View Full Version : Transitioning from a player to a GM

2012-10-02, 09:02 AM
So now I'm at college, and nobody in my dorm has run any sorts of tabletops, so I thought I'd give it a go. Right now I'm deciding between 3.5, Legend, and Exalted, but I was just wondering how to DM, basically? In the past, I've had two types, one that prepares everything and has an awesome story to tell, with lots of planned out options based on how he thinks we'll react to his scenarios, and one that improvised everything (everything). They all had a lot of experience, so I guess they knew what worked for them, but as a starting out DM should I plan a lot or a little?

2012-10-02, 09:21 AM
We can't really answer this question, because it comes down to what works best for you.

I'd suggest that you try by preparing, and see what happens when the party go off the rails.

Otherwise: If you're the sort of DM who needs to prepare, and you haven't, then you will be stuck.
However: if your happy adlibing you can just ignore what you have prepared.

2012-10-02, 09:45 AM
I think it's really important to start simple and slowly get a hang out of things.

Especially when players are new, everyone getting familiar with the rules of the game is the first priority at the beginning. It helps a lot to play a game where you are already very familiar with the rules. I'm not a huge 3.5e fan, but I know the rules so that's usually what we use when I start new campaigns.

Keep your goals simple. Don't try to start with a level 1 to 20 world traveling campaign, but start with simple one shot dungeon crawl adventures, one at a time. You can make NPCs from earlier adventures reappear later or have a villain for an idea you have for later make a short appearance in the adventure you are currently preparing. Or have the PCs go to locations where they have been before.
The adventures are still self contained and it's no problem when new players join or others leave, but it will be a nice touch when the player remember "hey, we know that guy!" or they see what has happened to a goblin they let run away two adventures ago. But as a beginning GM, first stay away from long plots and continous campaigns. Since the players are new, one shot adventures that take place in the same general area and have them keep using the same characters will be more than enough exitement for them.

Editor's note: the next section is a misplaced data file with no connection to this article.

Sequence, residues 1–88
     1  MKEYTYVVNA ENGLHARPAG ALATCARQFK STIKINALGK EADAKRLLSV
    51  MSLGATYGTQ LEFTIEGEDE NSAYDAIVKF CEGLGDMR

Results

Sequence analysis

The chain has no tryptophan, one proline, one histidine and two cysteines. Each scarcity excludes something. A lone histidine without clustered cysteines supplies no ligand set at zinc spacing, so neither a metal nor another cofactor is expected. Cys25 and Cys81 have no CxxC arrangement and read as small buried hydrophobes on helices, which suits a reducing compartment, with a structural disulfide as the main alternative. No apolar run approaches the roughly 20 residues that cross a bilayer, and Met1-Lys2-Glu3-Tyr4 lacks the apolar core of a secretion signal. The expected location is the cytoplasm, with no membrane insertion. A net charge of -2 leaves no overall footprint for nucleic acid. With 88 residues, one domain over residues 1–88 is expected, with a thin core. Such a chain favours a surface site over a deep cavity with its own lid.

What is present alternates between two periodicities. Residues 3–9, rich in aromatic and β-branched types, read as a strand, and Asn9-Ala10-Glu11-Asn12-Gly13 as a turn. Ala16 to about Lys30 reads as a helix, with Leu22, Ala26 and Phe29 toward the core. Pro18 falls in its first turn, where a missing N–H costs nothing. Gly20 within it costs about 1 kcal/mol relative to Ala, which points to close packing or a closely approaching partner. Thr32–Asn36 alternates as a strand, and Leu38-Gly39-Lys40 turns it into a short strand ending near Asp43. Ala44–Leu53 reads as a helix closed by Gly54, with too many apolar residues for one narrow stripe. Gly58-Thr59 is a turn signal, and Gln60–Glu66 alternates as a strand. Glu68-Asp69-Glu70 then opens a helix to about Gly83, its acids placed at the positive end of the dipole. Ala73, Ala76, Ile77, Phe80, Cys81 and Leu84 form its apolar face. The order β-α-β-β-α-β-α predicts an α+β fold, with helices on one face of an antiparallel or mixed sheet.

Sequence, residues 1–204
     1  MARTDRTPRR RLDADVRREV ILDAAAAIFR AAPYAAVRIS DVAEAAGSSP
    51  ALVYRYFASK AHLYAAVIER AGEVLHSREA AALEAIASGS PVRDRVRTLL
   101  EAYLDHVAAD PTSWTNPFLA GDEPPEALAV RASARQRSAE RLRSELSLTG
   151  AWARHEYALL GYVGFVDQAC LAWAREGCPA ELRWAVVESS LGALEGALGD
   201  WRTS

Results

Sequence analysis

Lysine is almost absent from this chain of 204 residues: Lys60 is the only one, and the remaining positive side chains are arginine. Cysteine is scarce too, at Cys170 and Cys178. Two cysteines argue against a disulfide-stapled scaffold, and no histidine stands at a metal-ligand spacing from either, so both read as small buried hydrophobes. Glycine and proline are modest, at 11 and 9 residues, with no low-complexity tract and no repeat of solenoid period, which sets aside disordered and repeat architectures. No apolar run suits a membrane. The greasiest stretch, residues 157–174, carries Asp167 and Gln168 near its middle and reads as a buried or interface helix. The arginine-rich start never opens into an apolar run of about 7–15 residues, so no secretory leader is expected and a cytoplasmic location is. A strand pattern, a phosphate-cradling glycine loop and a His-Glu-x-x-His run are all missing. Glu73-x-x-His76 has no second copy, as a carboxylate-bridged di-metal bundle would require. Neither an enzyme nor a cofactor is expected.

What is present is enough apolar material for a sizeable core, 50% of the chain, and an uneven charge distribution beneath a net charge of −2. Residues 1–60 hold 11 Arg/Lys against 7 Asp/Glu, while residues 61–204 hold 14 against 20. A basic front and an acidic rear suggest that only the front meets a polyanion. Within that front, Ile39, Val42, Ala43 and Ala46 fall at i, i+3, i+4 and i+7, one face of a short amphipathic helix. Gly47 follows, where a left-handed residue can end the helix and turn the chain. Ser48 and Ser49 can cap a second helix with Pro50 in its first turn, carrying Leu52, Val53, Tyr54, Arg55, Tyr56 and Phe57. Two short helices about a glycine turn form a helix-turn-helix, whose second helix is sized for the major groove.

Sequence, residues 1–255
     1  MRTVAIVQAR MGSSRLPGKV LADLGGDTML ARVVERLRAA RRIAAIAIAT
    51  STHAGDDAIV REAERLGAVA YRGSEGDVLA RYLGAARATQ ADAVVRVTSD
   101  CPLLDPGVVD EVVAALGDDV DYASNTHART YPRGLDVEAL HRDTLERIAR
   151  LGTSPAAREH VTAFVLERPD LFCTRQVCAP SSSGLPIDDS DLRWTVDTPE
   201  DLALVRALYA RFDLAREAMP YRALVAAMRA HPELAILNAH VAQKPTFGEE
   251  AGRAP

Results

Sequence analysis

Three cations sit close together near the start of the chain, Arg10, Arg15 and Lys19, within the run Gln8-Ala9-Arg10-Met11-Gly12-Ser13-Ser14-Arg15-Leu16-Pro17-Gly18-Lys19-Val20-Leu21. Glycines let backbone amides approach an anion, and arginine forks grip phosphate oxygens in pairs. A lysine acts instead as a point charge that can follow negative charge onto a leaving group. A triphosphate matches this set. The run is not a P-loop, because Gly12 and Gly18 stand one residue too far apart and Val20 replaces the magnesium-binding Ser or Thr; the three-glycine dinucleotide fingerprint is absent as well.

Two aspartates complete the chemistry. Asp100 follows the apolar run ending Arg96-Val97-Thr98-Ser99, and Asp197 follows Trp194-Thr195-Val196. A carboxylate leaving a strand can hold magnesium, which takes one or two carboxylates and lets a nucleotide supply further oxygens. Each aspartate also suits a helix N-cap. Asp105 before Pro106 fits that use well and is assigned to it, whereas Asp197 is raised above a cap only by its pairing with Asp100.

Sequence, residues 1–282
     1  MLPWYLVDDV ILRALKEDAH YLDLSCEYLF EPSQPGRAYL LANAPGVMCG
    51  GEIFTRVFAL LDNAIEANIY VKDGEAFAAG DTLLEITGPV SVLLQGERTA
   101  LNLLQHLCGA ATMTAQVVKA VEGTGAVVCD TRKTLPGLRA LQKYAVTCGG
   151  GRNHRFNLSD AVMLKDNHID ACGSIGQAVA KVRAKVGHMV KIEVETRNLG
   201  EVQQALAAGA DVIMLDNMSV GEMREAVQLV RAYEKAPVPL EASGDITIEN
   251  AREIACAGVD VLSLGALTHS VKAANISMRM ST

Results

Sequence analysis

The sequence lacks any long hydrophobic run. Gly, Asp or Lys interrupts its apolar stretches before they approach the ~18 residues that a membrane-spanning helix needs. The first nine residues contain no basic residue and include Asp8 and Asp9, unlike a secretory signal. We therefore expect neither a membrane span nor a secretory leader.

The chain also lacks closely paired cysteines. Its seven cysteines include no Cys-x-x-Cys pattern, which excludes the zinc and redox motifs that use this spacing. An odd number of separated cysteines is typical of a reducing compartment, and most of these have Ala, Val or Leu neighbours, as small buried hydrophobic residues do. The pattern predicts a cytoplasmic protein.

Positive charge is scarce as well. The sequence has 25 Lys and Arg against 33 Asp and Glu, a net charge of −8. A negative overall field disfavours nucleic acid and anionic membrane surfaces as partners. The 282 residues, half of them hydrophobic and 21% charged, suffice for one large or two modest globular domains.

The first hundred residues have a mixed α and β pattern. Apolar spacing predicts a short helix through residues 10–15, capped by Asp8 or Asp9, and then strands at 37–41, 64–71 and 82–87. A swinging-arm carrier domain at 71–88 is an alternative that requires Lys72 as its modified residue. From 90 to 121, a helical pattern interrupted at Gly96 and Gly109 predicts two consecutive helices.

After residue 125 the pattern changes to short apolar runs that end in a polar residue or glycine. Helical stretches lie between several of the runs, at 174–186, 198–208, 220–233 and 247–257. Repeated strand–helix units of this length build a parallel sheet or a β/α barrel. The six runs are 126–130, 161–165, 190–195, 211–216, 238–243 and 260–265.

And don't be afraid to do things that have been done a million times before. The first one or two times you do them as a player are still entertaining.

2012-10-02, 09:56 AM
Try both methods and see what works. Trial and error is okay. For a lot of people, learning how to GM means figuring out what are the aspects of game you can improvise, and what need to be planned. Which ones you can improvise is going to be unique to you.

The best advice I can give is don't bite off more than you can chew. The biggest mistake I've seen players make when they run their first game is trying to run something too big. They're used to starting at level 1 or only playing vampires in WoD, so they tell their friends to make a level 15 character or that they can play werewolves, vampires, and demons in the same game. They do this because as a player it's the sort of thing that seems fun, without realizing it's unmanagable as a GM, especially so as a brand new GM.

Gamer Girl
2012-10-02, 10:28 AM
Well, how do you do things? Are you a prepared person or a fly by night person? Do you take 10,000 word notes in class everyday and transcribe them into a massive notebook every night or do you just scribble down things that sound important? Do you spend 72 hours studding for a test or just casualty flip through notes and the book the night before?

How good are you at Improvisation? Can you think up of a character's history in less then two minutes? The history of a dwarven empire in less then ten? How fast can you create a simple encounter:time yourself making the classic 'monster guards a chest in a 10x10 room'. How long did it take for you to make that encounter? Was it any good? Was it interesting and exciting? Do you think your players will be talking about the 'chest encounter' for years to come?

Unless you already feel like your great at Improvisation, you should stick to prepared. So, you should plan a lot. After all even if you don't use the plan, you will still have it. But if you get stuck in a jam with nothing, and have nothing to go on...well....

2012-10-02, 11:32 AM
Players ARE going to do something you didn't expect, and from your perspective it IS going to be completely nonsensical and insane. That's because they don't know all the details.

Try something simple, with a defined goal, and fairly straightforward for your first session- kobolds stole something, party has to track them to their underground warren and get it back, for instance. It doesn't have to be fancy or even original, just run with something like this so you and the players can both get familiar with the rules.

Jay R
2012-10-02, 12:29 PM
..., but as a starting out DM should I plan a lot or a little?

Exactly as much as it takes to make you feel comfortable. Improvise anything you feel you can improvise, and map out everything you think you can't improvise.

We don't know how good you are at advanced planning or at improvisation. How can we advise you on what the balance between them should be?

2012-10-02, 01:41 PM
I second the "try it and see what happens" approach, and try to figure out what style works best for you. One nice thing about starting DMing with a completely new group is that you'll tend to adapt to eachother's styles subconsciously (at least, that was my experience).

On the subject of preparation-verses-improv, I recommend starting off by trying a little of both. Prepare some basics about important NPCs and areas, prepare some basic encounters, but don't worry about fleshing them out too much in planning. If your players go off the rails, you can transplant pre-planned NPCs and encounters into their path, possibly after applying a name change and a fresh coat of paint. Have vague story ideas and goals, but let the specifics emerge though gameplay.

2012-10-08, 11:34 PM